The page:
Merrill Lynch released its 2015 advisor compensation changes Wednesday, showing enhanced payouts for new fee-based assets and new clients, while eliminating provisions on mass affluent accounts and reducing payouts on bank deposits.
While the Bank of America-owned firm is not making any changes to its core grid, Merrill Lynch did tweak several aspects of its Strategic Growth Award program. Advisors are eligible for three times the payout for two or more net new households, and double the base payout for new "strategic flows," including fee-based assets and lending.
“Our compensation plan directly supports the execution of our strategy and provides incentives for our advisors to grow, increase client satisfaction and strengthen relationships,” said Merrill Lynch spokeswoman Susan McCabe.
The 2015 changes also eliminates the exceptions it granted to advisors when it moved to a $250,000 minimum household requirement three years ago. Advisors that have less than 20 percent of their clients under the $250,000 cap can earn 20 percent on those relationships. But smaller advisors with more than 80 percent of their books with $250,000 households will not earn a payout. Clients with less than $250,000 in assets are “well served” by the team in the Merrill Edge Advisory Center, the firm said. McCabe added that advisors are not prohibited from taking on clients with less than $250,000 in assets, but rather, that they just may not get paid on those relationships.
"There’s no question there was handwriting on the wall here,” says consultant and recruiter Mindy Diamond. “I can tell you top teams have railed against policies like this. It’s about control,” she says. Changes like this irritate brokers at the wirehouses, she said, even if it doesn’t affect them because it symbolizes a limit to advisors’ discretion to manage their client relationships.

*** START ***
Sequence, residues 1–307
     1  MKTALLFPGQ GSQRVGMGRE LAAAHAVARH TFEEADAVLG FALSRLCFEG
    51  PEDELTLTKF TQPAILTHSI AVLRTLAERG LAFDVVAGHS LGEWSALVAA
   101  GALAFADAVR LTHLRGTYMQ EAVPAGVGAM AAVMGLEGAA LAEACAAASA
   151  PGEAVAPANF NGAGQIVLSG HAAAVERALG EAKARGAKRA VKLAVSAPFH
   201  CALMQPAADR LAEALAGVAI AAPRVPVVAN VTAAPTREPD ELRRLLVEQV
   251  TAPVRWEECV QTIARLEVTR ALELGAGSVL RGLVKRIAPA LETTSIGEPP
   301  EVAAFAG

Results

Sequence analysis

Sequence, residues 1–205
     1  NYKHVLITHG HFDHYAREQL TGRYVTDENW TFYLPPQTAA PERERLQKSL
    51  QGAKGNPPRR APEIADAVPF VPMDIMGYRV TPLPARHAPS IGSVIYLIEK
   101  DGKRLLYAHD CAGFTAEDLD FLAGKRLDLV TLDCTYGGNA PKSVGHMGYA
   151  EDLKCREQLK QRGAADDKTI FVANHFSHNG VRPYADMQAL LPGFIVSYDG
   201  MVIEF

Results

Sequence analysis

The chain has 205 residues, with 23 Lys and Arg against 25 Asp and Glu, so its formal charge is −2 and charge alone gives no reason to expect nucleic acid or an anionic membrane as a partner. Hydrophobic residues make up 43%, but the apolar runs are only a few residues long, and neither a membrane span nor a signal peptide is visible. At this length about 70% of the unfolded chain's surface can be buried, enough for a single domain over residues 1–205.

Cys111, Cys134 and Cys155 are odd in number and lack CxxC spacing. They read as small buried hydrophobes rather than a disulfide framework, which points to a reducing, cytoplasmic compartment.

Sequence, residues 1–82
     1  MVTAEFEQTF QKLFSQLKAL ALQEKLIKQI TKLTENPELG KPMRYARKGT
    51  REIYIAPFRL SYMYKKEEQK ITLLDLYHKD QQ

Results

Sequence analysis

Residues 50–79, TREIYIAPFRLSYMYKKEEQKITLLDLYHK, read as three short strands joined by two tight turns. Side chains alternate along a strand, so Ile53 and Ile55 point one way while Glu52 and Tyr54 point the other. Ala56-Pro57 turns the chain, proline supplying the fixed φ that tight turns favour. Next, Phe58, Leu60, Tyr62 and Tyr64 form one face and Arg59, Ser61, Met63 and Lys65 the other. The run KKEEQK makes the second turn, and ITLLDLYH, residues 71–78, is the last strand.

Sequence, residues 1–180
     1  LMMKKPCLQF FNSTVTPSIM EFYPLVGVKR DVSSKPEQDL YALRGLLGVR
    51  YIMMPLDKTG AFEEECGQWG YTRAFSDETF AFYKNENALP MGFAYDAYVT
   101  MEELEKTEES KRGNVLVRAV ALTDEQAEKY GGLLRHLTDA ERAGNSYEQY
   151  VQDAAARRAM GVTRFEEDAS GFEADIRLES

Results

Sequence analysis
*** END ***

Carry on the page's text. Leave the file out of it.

Merrill is also reducing payouts on all bank deposits & money funds from 8 basis points to a 4. Spokeswoman Susan McCabe said this was still higher than other wirehouses like Morgan Stanley and UBS, which pay zero basis points on cash deposits.
Firms don't make any money on cash deposits and would rather incent advisors to put client money in an ETF or other security, said consultant Howard Diamond.
Merrill is also paying advisors on their referrals to other sectors of Bank of American, including the commercial and investment banks. The referral payout applies to the introduction only, not the outcome, McCabe says. For instance, a client who owns a business might be introduced to a commercial banker.
“Our plan offers incentives for all of our advisors to ensure all clients have access to the full range of available solutions provided by Bank of America, particularly with the Investment Bank, Business Bank and Commercial Bank,” McCabe said.